So here’s the final part of this little series. Again, see the first part for more information on its background.
For my original promotions covered in the previous 4 parts, I was beginning to struggle to come up with new ideas by the end of February 2021, and since there had been a rather disappointing response, I decided not to pursue this path any further – see my explanation article in German.
But of course I didn’t completely stop trying to promote my channels.
The Vintrospektiv Social Media Archive, Part 5: Commemorative Posts (Instagram)
The last of my promotional posts on social media were more closely tied to specific events, and since the first one of these appeared in May 2021, they were all in English. I have removed the many hashtags again.
Click each thumbnail to get to the full-size image with captions. If you find the captions distracting, you can zoom in to inspect the image more closely, or download it via the sharing options.
124 years ago today, on 26 May 1897, Bram Stoker's Dracula was published. It spawned numerous other novels, films, and games, not least among them the Castlevania series. The literal and bloody version by CRL pictured here (the first game to be rated by the BBFC) has always been especially dear to me.
What better game to play today, on World UFO Day, than 1994's Enemy Unknown, the first game of the XCOM franchise that still runs strong today?
I got my first retrogaming tattoo today, thanks to @tattooer_phil! Can you guess the game? (Medium difficulty.)
488 years ago today, on 7 September 1533, the “Virgin Queen” Elizabeth I was born. What better day to play the original Europa Universalis (2000), where you can control Elizabeth's England, among other powers?
Today, the USA celebrates the Day of the Computer Game. There can hardly be a more iconic game than 1962's Spacewar, one of the first electronic games, and the very first one with graphics. It was created by Steve Russell on a PDP-1, which came with a screen and was therefore ideally suited for this novel experiment.
The PDP-1 image (https://commons.m.wikimedia.org/wiki/File:Spacewar_screenshot.jpg) was taken by Kenneth Lu and is licensed under CC BY 2.0 (https://creativecommons.org/licenses/by/2.0/deed.en).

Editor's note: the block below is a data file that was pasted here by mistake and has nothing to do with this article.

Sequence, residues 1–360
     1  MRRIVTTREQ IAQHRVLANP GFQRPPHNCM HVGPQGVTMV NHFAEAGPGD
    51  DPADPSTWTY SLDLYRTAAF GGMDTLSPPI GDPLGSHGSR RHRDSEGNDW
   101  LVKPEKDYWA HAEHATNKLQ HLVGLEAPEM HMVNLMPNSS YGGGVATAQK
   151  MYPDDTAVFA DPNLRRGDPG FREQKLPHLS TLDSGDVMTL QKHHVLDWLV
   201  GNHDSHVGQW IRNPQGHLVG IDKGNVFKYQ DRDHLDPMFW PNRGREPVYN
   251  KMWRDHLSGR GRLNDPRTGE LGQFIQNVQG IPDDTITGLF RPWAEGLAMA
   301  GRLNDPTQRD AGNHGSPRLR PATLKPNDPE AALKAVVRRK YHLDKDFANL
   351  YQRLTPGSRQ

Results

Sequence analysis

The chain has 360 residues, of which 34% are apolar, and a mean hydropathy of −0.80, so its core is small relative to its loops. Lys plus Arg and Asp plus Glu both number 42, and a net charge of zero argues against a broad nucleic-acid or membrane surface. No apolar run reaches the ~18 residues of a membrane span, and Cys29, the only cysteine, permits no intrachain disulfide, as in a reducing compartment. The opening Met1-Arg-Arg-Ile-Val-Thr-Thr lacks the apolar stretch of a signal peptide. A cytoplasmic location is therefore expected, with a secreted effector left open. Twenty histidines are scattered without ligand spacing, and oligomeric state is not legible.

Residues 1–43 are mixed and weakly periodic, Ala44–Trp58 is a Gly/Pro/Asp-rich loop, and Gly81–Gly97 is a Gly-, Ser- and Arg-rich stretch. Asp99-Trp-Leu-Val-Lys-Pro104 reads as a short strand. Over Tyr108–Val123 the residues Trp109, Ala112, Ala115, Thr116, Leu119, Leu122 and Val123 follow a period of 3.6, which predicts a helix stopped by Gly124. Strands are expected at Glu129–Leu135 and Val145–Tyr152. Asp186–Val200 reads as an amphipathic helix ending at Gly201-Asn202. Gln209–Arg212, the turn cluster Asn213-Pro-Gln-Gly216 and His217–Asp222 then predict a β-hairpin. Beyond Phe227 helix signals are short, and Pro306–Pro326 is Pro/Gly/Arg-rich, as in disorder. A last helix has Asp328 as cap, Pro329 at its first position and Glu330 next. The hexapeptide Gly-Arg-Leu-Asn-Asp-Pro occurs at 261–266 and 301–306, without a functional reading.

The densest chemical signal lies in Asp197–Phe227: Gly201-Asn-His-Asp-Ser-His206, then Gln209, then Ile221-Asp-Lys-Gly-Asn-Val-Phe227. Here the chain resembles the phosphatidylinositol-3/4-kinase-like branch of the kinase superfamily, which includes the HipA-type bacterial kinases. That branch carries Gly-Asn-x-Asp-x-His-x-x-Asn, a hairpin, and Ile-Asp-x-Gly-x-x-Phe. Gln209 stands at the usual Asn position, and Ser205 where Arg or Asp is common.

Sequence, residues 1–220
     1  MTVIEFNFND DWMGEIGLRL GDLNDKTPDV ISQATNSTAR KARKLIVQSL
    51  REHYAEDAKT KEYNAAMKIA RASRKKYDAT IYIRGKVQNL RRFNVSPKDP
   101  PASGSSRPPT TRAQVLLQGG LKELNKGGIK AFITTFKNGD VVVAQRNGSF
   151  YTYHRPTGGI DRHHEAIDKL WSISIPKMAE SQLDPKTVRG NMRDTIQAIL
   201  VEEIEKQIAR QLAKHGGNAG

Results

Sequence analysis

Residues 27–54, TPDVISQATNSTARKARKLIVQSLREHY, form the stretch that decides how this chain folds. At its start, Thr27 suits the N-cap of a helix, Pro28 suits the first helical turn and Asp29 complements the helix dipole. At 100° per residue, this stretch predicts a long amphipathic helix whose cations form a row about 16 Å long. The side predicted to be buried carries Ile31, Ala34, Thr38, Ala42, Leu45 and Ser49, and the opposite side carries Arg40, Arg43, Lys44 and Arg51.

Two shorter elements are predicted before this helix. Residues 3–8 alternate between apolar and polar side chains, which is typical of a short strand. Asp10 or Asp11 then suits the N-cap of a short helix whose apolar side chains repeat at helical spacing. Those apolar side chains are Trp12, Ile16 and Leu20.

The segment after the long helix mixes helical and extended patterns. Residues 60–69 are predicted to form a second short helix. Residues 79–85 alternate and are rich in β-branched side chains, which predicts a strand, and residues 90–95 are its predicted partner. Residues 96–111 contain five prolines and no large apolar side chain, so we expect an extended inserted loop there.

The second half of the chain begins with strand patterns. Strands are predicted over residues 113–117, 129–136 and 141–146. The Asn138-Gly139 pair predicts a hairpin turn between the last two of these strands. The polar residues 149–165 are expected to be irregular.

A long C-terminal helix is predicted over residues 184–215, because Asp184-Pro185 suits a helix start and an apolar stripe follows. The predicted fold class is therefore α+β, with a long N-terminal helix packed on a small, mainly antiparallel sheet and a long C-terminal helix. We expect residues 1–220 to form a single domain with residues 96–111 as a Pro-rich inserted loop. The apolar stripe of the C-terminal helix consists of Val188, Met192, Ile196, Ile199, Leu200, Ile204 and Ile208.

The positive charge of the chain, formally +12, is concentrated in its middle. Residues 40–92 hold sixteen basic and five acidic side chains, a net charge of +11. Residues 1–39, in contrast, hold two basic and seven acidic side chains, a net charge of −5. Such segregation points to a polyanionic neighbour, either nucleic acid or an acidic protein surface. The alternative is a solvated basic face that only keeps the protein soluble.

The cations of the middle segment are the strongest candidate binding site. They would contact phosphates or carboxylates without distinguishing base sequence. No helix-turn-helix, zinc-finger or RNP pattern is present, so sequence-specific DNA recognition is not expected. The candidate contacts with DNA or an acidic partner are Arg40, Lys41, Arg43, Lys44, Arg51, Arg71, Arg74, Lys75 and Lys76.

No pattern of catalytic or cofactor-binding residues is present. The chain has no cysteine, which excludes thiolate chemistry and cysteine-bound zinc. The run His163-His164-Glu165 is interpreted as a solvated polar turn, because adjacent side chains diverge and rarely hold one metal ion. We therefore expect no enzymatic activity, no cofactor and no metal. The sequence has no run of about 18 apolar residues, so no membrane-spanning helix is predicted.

Today, on the 13th official Day of the Programmer, the retrogaming scene has a lot to celebrate! I chose to honour Andrew Braybrook, who was one of the first programmers to be recognised for his art, and created classics such as Uridium, Alleykat and the game featured here - the inimitable Paradroid. This was a completely novel concept: take over enemy robots, and work your way up by gradually getting more powerful. While the graphics and sound of the game weren't absolutely terrific, everything about the gameplay and its smooth realisation was perfect, or close to it. There are many other contenders for the best programming of an 80s game, but Paradroid is certainly up there.
Which game would you single out today for its flawless programming?
Today, Software Freedom Day is observed for the 18th time. Software Freedom is all about sharing your software and letting other people use, study and modify your code to maybe create something even better from it. One of the first game companies to embrace the idea of open source was id Software, who released the source code for Doom in 1997, which led to many enhanced engines such as GLDoom, Boom or Doomsday that make the game still playable today.
Would you consider making the code of your own game open source? Or did you ever take somebody else's open code and create something new from it?
Happy International Translation Day! Translation and localisation are extremely important aspects of today's gaming industry, but the first game to be localised in more ways than just transcribing a name was Pac-Man in 1980. It was originally known in Japan as “Puck Man” and was renamed for the American market for fear of vandals disfiguring the first word. While at it, the ghosts were also localised from names based on their character to the more cartoonish Blinky, Pinky, Inky and Clyde.
The photo shows a Japanese handheld variant created by Tomy.
The Vintrospektiv Social Media Archive, Part 6: Giveaway (Instagram/Twitter)
Bonus: I used this image to promote my ADOM video with a giveaway. Nobody ever claimed it, so I’m not even sure if the code might still be valid. (Ask me for it if you’re interested, then we’ll find out and I can add the result here.)